Their original building, dating from 1943, was replaced in 1963 by a new structure across the street from the old. However, it was small and did not include a Blessed Sacrament chapel, parish hall or restrooms, and was not handicap accessible. Extensive renovations and expansion took place in 2010. It is a plain but pleasant looking red brick building with bell tower.
They sponsor several ministries, including a chapter of the Knights of Columbus, a senior group called Young At Heart, a youth group, adult faith formation, counseling, and others. They also support a number of local charities. There are two Saturday evening masses, one in Spanish, and two Sunday masses. Weekday masses are celebrated either in the morning, at noon, or in the evening, depending on the day. I watched today’s mass via their YouTube live stream.
Murray is a tiny city at the southwestern tip of Kentucky. It is a college town, home to Murray State University. Other than that, it seems like a quiet, laid-back place with not much going on. Murray was once known as the 'snuff capital of the world,' as tobacco farms that grew the dark green plant destined to be made into chewing tobacco, or snuff, were an economic mainstay of the area. Tobacco is still grown here, although the industry is not as important today as it once was. Famous sons include the literary critic and scholar Cleanth Brooks, who collaborated with his friend and fellow scholar Robert Penn Warren to produce many works of literary criticism and pedagogy. Together they championed the movement known as New Criticism, which emphasizes examination of a literary work’s technical elements with rigor and precision.
The Bishop of Owensboro, assisted by the pastor and another priest who was not identified, as well a lay reader. There was a server vested in alb and red cincture, but the only thing he did was hold the book for the bishop; he did not otherwise assist at the mass. Eleven candidates for confirmation were presented.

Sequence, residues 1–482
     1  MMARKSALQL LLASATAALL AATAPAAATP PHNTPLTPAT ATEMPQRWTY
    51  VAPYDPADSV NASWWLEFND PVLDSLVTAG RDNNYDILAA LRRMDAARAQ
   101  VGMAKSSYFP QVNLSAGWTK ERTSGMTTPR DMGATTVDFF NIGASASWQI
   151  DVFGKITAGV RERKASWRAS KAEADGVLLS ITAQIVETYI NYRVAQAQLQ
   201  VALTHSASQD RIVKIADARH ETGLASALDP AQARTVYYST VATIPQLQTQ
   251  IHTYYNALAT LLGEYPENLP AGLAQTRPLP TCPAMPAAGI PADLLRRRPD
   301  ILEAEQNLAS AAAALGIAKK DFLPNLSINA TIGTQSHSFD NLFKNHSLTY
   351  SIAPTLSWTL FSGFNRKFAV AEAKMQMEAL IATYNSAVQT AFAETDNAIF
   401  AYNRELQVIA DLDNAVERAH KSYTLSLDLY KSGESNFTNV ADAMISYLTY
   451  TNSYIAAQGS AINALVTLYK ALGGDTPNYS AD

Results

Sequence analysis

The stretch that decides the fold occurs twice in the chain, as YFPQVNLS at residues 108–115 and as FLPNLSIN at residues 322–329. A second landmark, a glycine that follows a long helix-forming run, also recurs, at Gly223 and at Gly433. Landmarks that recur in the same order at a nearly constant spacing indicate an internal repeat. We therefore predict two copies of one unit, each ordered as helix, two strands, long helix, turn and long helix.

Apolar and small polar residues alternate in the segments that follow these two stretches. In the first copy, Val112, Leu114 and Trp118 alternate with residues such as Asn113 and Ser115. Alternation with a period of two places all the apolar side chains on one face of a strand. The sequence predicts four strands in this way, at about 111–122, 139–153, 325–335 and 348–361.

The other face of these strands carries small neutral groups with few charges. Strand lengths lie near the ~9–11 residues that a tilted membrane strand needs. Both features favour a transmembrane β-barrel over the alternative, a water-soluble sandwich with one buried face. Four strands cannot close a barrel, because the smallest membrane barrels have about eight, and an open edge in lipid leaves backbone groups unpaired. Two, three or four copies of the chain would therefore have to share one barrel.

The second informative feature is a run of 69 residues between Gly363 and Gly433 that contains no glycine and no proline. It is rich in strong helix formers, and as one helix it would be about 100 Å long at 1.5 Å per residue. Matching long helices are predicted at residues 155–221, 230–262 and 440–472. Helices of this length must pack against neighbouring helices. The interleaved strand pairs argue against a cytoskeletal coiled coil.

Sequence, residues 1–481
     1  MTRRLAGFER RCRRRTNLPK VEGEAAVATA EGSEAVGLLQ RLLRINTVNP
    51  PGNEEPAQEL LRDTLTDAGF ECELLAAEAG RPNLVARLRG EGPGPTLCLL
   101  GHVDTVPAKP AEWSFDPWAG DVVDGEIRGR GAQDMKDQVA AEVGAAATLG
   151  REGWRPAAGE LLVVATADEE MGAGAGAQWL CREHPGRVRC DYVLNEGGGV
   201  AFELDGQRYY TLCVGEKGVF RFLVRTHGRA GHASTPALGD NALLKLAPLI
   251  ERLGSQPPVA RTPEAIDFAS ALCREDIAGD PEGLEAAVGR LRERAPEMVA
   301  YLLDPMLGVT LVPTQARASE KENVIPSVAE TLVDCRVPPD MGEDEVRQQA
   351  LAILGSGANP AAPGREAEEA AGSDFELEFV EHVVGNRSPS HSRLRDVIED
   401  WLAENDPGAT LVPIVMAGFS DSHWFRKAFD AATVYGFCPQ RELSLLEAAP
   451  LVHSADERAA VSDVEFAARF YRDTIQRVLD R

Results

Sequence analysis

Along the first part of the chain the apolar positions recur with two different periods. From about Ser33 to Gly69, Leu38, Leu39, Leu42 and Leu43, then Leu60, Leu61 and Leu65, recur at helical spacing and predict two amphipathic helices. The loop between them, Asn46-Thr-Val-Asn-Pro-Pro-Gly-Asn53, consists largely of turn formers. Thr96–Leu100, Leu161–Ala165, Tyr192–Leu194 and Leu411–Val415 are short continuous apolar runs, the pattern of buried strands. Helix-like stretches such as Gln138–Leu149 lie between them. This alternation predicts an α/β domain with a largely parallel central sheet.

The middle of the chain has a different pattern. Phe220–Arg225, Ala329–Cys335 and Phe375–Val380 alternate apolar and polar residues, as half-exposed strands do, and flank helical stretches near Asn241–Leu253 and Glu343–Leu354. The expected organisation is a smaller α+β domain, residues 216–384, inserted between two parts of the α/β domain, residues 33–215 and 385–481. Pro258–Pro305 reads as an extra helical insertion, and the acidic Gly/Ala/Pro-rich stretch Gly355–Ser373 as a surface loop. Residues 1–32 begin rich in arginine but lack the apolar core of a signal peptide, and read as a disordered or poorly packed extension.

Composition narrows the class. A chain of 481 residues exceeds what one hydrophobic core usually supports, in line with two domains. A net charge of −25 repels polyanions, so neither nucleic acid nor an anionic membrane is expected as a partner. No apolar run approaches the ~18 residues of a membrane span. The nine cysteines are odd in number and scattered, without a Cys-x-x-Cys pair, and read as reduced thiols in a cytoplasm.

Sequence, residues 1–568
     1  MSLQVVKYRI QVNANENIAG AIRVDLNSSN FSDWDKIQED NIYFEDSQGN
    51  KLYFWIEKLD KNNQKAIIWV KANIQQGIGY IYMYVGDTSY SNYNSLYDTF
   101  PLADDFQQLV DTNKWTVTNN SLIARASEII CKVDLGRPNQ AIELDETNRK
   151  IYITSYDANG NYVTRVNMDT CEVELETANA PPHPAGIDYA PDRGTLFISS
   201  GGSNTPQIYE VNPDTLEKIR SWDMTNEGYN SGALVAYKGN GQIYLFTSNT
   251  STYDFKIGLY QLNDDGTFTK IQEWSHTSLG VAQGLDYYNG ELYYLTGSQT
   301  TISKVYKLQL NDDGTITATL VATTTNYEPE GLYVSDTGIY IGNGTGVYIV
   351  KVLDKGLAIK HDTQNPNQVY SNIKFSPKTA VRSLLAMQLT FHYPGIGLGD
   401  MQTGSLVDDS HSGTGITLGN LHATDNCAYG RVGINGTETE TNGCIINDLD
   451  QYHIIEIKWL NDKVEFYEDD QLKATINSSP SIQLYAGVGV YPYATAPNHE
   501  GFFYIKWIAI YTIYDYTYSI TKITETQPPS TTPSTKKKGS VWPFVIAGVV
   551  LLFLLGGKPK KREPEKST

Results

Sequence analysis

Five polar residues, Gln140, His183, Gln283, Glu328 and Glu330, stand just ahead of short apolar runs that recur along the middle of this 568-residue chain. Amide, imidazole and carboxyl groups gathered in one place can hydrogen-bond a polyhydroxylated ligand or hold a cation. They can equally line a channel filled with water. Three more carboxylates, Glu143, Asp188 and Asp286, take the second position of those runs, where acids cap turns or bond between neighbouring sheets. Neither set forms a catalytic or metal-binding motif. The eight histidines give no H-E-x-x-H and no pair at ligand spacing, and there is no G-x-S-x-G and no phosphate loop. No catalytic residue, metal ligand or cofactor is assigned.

What was the name of the service?Mass for Pentecost Sunday with the Sacrament of Confirmation.
How full was the building?
The online counter registered 39 at its highest point. The Confirmation candidates and their sponsors were present in church, but I couldn’t tell how many others there may have been. Quite a mob came forward for communion, but I didn’t count them. At one point the assisting priest referred to ‘those of you in the chapel,’ so I suspect there was an overflow crowd.
Did anyone welcome you personally?
Was your pew comfortable?
My desk chair was its usual comfortable self.
How would you describe the pre-service atmosphere?
Quiet. Some miscellaneous puttering in the sanctuary.
What were the exact opening words of the service?
‘In the name of the Father, and of the Son, and of the Holy Spirit.’
What books did the congregation use during the service?
What musical instruments were played?
A rather out-of-tune piano accompanied the entrance procession and provided some tinkly bits at communion. But there was no singing.
Did anything distract you?